ارزیابی گزینه گسترش بلند مدت و مصون سازی
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Publisher : Elsevier - Science Direct (الزویر - ساینس دایرکت)
Journal : Journal of Banking & Finance, Volume 32, Issue 12, December 2008, Pages 2530–2540
This paper investigates the valuation and hedging of spread options on two commodity prices which in the long run are in dynamic equilibrium (i.e., cointegrated). The spread exhibits properties different from its two underlying commodity prices and should therefore be modelled directly. This approach offers significant advantages relative to the traditional two price methods since the correlation between two asset returns is notoriously hard to model. In this paper, we propose a two factor model for the spot spread and develop pricing and hedging formulae for options on spot and futures spreads. Two examples of spreads in energy markets – the crack spread between heating oil and WTI crude oil and the location spread between Brent blend and WTI crude oil – are analyzed to illustrate the results.
Commodity spreads are important for both investors and manufacturers. For example, the price spread between heating oil and crude oil (crack spread) represents the value of production (including profit) for a refinery firm. If an oil refinery in Singapore can deliver its oil both to the US and the UK, then it possesses a real option of diversion which directly relates to the spread of WTI and Brent crude oil prices. There are four commonly used spreads: spreads between prices of the same commodity at two different locations (location spreads) or times (calendar spreads), between the prices of inputs and outputs (production spreads) or between the prices of different grades of the same commodity (quality spreads). 1 A spread option is an option written on the difference (spread) of two underlying asset prices S1 and S2, respectively. We consider European options with payoff the greater or lesser of S2(T)–S1(T)–K and 0 at maturity T for strike price K and focus on spreads in the commodity (especially energy) markets (for both spot and futures). In pricing spread options it is natural to model the spread by modelling each asset price separately. Margrabe (1978) was the first to treat spread options and gave an analytical solution for strike price zero (the exchange option). Closed form valuation of a spread option is not available if the two underlying prices follow geometric Brownian motions (see Eydeland and Geman, 1998). Hence various numerical techniques have been proposed to price spread options, such as for example the Dempster and Hong (2000) fast Fourier transformation approach. Carmona and Durrleman (2003) offer a good review of spread option pricing. Many researchers have modelled the spread using two underlying commodity spot prices (the two price method) in the unique risk neutral measure as where S1 and S2 are the spot prices of the commodities and δ1 and δ2 are their convenience yields, and W1,1, W1,2, W2,1 and W2,2 are four correlated Wiener processes. This is the classical Gibson and Schwartz (1990) model for each commodity price in a complete market. 3 The return correlation ρ13 := E[dW1,1 dW2,1]/dt plays a substantial role in valuing a spread option; trading a spread option is equivalent to trading the correlation between the two asset returns. However, Kirk, 1995, Mbanefo, 1997 and Alexander, 1999 have suggested that return correlation is very volatile in energy markets. Thus assuming a constant correlation in (1) is inappropriate. But there is another longer term relationship between two asset prices, termed cointegration, which has been little studied by asset pricing researchers. If a cointegration relationship exists between two asset prices the spread should be modelled directly over the long term horizon. Soronow and Morgan (2002) proposed a one factor mean reverting process to model the location spread directly, but do not explain under what conditions this is valid nor derive any results. 4 See also Geman (2005a) where diffusion models for various types of spread option are discussed. In this paper, we use two factors to model the spot spread process and fit the futures spread term structure. Our main contributions are threefold. First, we give the first statement of the economic rationale for mean reversion of the spread process and support it statistically using standard cointegration tests on data. Second, the paper contains the first test of mean-reversion of latent spot spreads in both the risk neutral and market measures. Third, we give the first latent multi-factor model of the spread term structure which is calibrated using standard state-space techniques, i.e. Kalman filtering. The paper is organized as follows. Section 2 gives a brief review of price cointegration together with the principal statistical tests for cointegration and the mean reversion of spreads. Section 3 proposes the two factor model for the underlying spot spread process and shows how to calibrate it. Section 4 presents option pricing and hedging formulae for options on spot and futures spreads. Sections 5 and 6 provide two examples in energy markets which illustrate the theoretical work and Section 7 concludes.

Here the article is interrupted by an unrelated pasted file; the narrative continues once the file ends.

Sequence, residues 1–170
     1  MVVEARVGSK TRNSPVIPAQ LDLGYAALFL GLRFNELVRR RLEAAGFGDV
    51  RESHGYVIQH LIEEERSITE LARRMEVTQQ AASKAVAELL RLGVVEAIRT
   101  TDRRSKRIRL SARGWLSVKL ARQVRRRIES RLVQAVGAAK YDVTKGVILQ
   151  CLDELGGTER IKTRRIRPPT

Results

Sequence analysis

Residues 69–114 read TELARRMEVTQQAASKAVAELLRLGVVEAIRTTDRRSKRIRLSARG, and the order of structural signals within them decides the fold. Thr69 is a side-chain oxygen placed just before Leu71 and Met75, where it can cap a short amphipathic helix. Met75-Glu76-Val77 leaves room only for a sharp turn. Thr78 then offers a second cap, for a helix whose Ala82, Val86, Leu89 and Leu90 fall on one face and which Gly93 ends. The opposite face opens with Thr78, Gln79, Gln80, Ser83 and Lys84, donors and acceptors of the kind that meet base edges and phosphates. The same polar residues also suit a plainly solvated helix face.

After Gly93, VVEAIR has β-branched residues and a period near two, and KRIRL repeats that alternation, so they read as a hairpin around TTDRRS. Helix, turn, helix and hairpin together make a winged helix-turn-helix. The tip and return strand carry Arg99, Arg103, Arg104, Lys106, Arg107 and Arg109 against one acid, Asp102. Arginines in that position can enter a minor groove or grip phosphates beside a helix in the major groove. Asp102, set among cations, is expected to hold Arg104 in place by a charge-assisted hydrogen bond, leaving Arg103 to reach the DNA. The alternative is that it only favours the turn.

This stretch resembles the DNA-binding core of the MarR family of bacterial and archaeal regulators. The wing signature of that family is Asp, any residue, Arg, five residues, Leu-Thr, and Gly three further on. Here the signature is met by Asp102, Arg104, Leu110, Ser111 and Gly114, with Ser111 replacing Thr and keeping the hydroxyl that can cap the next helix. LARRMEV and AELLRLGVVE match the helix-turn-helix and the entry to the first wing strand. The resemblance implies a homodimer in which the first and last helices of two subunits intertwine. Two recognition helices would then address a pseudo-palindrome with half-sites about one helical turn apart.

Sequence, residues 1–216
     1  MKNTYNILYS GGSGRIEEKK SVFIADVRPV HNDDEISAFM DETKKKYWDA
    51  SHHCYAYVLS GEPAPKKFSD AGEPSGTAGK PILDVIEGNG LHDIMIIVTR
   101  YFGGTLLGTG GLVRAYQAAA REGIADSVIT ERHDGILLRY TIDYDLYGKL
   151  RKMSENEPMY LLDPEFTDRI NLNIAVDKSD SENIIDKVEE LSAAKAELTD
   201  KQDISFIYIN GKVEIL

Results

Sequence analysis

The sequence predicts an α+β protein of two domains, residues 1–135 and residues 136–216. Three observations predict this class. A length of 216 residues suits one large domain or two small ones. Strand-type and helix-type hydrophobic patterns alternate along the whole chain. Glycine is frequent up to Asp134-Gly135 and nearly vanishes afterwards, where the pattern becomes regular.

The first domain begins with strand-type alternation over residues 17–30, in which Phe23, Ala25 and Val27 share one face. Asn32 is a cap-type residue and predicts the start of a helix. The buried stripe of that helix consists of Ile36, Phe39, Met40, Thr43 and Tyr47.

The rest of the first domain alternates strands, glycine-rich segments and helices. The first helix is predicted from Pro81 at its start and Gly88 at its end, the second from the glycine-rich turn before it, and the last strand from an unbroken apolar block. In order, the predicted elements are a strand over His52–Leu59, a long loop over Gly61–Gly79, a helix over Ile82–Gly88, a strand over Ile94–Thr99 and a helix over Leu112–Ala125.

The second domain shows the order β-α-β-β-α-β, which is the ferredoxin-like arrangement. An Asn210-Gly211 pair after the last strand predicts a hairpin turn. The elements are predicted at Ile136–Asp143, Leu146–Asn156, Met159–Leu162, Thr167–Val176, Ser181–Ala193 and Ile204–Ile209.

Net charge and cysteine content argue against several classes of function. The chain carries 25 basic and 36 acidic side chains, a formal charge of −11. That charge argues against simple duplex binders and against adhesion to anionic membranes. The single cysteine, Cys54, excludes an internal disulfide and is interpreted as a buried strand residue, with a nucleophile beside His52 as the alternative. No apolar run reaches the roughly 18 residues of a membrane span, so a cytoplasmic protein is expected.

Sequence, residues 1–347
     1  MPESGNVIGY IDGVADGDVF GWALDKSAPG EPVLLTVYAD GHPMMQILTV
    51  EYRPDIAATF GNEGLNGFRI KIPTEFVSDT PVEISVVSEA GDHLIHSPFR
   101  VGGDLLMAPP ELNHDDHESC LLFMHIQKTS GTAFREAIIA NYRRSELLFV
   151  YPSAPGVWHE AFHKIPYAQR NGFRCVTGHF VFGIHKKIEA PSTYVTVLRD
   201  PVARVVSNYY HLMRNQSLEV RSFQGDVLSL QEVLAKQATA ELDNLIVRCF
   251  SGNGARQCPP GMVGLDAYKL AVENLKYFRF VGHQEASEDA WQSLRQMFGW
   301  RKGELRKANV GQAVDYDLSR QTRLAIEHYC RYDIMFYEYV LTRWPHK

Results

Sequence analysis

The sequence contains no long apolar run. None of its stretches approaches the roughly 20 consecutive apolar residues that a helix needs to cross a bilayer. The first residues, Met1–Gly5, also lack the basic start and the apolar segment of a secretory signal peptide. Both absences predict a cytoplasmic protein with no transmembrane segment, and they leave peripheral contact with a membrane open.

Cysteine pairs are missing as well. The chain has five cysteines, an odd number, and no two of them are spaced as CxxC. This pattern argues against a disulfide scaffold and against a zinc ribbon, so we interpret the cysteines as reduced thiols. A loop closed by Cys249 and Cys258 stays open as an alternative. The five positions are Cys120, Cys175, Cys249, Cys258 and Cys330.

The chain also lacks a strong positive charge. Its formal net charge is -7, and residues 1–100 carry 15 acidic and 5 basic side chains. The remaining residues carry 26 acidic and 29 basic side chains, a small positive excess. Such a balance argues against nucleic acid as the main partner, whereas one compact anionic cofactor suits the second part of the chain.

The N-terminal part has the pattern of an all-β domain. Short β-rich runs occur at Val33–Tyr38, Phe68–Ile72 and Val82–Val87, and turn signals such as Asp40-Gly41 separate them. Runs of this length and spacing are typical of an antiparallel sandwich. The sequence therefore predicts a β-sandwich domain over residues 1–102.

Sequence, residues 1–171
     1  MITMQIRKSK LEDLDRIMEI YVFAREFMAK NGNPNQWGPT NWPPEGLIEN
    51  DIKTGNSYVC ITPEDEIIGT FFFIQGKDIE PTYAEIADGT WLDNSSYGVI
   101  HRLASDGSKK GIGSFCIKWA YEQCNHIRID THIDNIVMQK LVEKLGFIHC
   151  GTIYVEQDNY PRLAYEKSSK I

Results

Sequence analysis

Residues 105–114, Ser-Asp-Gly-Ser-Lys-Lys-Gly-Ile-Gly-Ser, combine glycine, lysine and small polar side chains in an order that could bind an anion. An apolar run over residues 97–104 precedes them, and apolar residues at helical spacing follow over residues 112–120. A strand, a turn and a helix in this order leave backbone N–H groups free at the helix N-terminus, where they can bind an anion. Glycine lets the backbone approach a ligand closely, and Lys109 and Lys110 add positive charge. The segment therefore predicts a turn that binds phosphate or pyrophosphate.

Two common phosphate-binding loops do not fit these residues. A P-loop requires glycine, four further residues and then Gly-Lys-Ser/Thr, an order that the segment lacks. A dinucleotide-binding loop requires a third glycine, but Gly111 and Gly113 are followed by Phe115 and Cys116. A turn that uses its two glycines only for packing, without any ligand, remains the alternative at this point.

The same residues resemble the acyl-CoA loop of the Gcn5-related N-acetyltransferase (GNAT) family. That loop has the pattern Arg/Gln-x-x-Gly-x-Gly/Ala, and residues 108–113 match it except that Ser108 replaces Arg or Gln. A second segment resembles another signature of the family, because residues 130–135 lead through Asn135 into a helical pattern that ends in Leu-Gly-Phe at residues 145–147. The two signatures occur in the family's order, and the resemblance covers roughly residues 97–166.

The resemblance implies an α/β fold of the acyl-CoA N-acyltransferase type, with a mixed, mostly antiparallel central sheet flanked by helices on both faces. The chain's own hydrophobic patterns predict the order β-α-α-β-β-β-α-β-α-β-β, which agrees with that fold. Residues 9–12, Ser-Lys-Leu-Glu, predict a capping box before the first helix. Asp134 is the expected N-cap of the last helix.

نتیجه گیری انگلیسی
In this paper we have developed spread option pricing models for the situation when the two underlying prices of the spread are cointegrated. Since the cointegration relationship is important for the long run dynamical relationship between the two prices, contingent claim evaluation based on spreads should take account of this relationship for long maturities. We model the spread process directly using a two factor model, i.e. we model directly the dynamic deviation from the long run equilibrium which cannot be specified correctly by modelling the two underlying assets separately. We also propose two methods (risk neutral and market) for testing data for mean-reversion of the spread process. The corresponding spread option can be priced and hedged analytically. In order to illustrate the theory we study two examples – of crack and location spreads, respectively. Both spread processes are found to be mean reverting. From likelihood ratio tests the second y factor is found to be important in explaining the crack and location spread data. The option values from our model are quite different from those of standard models, but they are consistent with the practical observations of Mbanefo (1997).